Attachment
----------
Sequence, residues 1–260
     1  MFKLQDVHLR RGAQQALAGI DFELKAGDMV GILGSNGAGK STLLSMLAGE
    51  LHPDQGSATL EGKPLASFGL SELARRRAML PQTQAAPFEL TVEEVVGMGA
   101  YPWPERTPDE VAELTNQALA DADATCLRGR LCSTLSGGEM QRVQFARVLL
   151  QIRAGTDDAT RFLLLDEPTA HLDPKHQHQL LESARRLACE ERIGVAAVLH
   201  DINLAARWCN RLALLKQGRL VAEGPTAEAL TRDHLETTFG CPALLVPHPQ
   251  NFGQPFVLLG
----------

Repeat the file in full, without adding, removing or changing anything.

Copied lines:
Sequence, residues 1–260
     1  MFKLQDVHLR RGAQQALAGI DFELKAGDMV GILGSNGAGK STLLSMLAGE
    51  LHPDQGSATL EGKPLASFGL SELARRRAML PQTQAAPFEL TVEEVVGMGA
   101  YPWPERTPDE VAELTNQALA DADATCLRGR LCSTLSGGEM QRVQFARVLL
   151  QIRAGTDDAT RFLLLDEPTA HLDPKHQHQL LESARRLACE ERIGVAAVLH
   201  DINLAARWCN RLALLKQGRL VAEGPTAEAL TRDHLETTFG CPALLVPHPQ
   251  NFGQPFVLLG